3. Limit Johansson's ice time, don't limit Knuble's. One of these guys has been a liability and had a pretty lackluster playoffs. The other is Mike Knuble. I really like MoJo on the wing, and I thought he had a pretty good year, much better than I expected from him. But he is so not a first line guy. His propensity to turn the puck over, whether it's an ill-timed drop pass, an ill-timed clearing attempt around the boards, an inaccurate pass, or bobbling a clean pass from someone else, has really hurt the team. Yet he logs some of the highest minutes at 20:01. He is a forwards-worst -6, behind only Wideman and Schultz for the team worst (they are both a -7). Knuble, on the other hand, has as many points as MJ90 in three fewer games, is a +3, and averages a pathetic and mind-boggling 9:37 per night. He is ridiculously more effective than Johansson, and his minutes really need to start reflecting that immediately. I would not be against sitting Marcus tonight in favor of Perreault or Halpern. He just is not getting it done. Any of it.
  4. Avoid the defensive shell. These are the playoffs, and the opponent is the top team in the conference. You cannot be happy with a one goal lead. Hell, a two goal lead is apparently not even remotely safe. Hunter cannot force the team into the shell to end all shells yet again if the Caps take a lead. They need to keep pressure on Lundqvist and wear out their players. Make them play the two minute shifts for a change. A goal or two is not enough. Every offensive zone faceoff needs to have at least three of the following: Backstrom, Ovechkin, Semin, Laich, Green, Carlson. Every one. Beagle should never see an offensive zone faceoff, ever. He has no offensive abilities whatsoever. Face it, move on from it, and accept it. He has been shockingly effective at moving the puck into the offensive zone, but not so great at doing anything when he is there. Don't leave him there, especially since HE HAS YET TO TAKE A SHOT IN THIS SERIES. Offense in the offensive zone, it really should not be a novel concept.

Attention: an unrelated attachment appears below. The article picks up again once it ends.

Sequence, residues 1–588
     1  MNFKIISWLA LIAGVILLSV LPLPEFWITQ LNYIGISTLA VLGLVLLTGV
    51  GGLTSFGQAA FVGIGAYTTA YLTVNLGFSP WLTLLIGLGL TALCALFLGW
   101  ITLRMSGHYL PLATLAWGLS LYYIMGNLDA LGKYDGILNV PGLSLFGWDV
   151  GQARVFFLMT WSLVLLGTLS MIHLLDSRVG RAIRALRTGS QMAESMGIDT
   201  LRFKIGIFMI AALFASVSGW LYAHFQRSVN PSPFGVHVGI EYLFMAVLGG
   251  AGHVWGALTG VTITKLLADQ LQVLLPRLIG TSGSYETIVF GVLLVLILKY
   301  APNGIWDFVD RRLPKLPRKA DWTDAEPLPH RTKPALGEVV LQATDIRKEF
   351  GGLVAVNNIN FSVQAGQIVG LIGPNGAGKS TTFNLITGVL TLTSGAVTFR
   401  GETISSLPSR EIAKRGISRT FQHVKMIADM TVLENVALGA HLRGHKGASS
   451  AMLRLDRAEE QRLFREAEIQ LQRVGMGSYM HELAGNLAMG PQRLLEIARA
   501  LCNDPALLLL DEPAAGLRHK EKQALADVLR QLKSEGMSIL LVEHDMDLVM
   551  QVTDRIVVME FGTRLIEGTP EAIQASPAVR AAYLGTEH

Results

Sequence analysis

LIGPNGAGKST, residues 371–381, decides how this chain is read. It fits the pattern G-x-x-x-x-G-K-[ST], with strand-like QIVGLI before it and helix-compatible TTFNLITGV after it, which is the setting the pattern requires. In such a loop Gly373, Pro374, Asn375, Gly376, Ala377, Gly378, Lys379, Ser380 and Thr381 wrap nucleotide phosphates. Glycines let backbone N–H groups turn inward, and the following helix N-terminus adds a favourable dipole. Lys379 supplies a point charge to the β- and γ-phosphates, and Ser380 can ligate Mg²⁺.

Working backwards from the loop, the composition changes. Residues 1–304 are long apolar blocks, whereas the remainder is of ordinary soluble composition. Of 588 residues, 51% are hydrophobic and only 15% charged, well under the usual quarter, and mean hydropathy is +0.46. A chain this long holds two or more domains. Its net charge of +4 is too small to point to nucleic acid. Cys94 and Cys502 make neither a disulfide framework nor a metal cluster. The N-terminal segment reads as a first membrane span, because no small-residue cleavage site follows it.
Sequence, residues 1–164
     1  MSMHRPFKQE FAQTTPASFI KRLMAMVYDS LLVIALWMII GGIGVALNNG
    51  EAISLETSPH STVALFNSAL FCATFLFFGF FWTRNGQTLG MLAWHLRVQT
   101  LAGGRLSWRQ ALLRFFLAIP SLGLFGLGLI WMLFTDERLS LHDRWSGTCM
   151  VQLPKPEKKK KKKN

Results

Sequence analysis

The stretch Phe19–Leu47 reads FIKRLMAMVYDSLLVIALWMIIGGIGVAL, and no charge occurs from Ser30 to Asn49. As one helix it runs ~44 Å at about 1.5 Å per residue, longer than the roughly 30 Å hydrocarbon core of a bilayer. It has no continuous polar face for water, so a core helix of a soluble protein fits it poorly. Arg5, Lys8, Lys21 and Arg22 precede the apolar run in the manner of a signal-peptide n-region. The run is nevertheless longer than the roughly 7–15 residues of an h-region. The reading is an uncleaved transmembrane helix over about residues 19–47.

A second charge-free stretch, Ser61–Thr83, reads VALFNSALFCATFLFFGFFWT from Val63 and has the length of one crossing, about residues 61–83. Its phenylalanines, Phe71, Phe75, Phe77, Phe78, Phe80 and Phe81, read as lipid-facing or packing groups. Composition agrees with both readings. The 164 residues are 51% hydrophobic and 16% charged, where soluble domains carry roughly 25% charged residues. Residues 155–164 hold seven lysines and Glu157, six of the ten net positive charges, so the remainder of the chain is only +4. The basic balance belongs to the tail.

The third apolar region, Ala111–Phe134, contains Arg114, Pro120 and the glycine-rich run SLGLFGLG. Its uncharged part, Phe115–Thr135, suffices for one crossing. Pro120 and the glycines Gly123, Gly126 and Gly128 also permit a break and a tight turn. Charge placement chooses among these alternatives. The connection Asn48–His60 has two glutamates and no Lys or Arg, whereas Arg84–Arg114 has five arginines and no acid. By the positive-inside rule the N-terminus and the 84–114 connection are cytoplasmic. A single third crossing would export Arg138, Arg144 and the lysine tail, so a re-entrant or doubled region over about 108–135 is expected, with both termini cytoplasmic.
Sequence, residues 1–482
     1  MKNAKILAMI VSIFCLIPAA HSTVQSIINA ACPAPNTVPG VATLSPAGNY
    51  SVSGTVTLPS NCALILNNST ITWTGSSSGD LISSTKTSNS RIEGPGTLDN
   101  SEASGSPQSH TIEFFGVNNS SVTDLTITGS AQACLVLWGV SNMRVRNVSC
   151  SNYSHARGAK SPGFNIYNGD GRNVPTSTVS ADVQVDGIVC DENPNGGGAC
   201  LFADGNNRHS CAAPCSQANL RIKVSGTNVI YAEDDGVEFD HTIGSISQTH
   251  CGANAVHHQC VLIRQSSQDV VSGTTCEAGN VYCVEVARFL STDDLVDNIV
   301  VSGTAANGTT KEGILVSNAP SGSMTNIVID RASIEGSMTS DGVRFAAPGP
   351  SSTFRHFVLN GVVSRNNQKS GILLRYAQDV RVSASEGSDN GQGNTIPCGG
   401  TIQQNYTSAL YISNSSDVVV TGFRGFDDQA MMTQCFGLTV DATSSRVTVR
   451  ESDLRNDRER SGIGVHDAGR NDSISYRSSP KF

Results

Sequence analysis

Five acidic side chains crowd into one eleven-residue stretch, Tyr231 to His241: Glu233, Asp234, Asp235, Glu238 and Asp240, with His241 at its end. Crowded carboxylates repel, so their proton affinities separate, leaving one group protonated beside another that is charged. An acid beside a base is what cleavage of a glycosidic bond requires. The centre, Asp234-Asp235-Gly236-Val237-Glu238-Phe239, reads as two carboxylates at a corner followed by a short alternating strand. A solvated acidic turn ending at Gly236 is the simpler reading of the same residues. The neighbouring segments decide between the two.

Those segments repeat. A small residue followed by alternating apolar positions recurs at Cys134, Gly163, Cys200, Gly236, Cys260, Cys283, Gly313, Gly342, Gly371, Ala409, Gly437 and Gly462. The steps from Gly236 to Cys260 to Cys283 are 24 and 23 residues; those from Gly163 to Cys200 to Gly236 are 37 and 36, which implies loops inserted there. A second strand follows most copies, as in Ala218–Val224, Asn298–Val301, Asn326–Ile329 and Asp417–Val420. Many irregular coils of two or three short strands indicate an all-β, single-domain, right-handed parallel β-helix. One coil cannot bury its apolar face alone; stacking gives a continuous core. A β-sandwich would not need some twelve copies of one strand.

5. The powerplay. Make it happen, cap'n. Dive. I don't care what anyone says, the Caps need to draw some penalties. And since diving penalties are apparently back out of style this postseason, do it. Pull a Marchand or two or seven. Find a way. Bite your lip in a scrum. These are the playoffs, and this could be the last game. Pride doesn't win you a damn thing. Don't think for a second that the Rangers won't do it. And when there is a powerplay? Wideman, Green, Hamrlik, Carlson. Those are your point guys. No forwards on the point. Period. Carlson and Green on the first powerplay, and on the point. Crazy successful there. Don't ignore it.
So what do I realistically think will happen tonight? A blowout, in true Caps fashion. 5-2 Rangers. That's less severe than the dream I had last night where the Caps lost 7-4 and had to use the Predators' backup goalie to finish the game.

Thursday, May 3, 2012

Let's Have Some Common Sense

Rather than spout off endless tweets on the subjects, as I have been doing as of late, let me write a quick blog post about this: Jay Beagle is killing the Caps in these playoffs. Well, Dale Hunter's use of Beagle is killing the Caps in these playoffs. Jay Beagle, as many have written, is the feel-good story of this year's postseason. A hard-working kid who struggled to make even the fourth line, who got knocked out early on in the season, is now logging more time on ice than Alex Ovechkin. The Caps beat the Bruins and have held strong and even against the Rangers. But as the title of this post says, let's have some common sense here, people.

Jay Beagle is far and away NOT the reason the Caps are where they are at. Braden Holtby is the SOLE reason. That's it. He is this year's Jaroslav Halak. There is no other reason the Caps have won even a single, solitary game out of the past ten, let alone five of them. Hunter's use of Jay Beagle, on the other hand, is a major contributing factor to why the Caps lost last night, and why nine of the ten games have been one-goal games.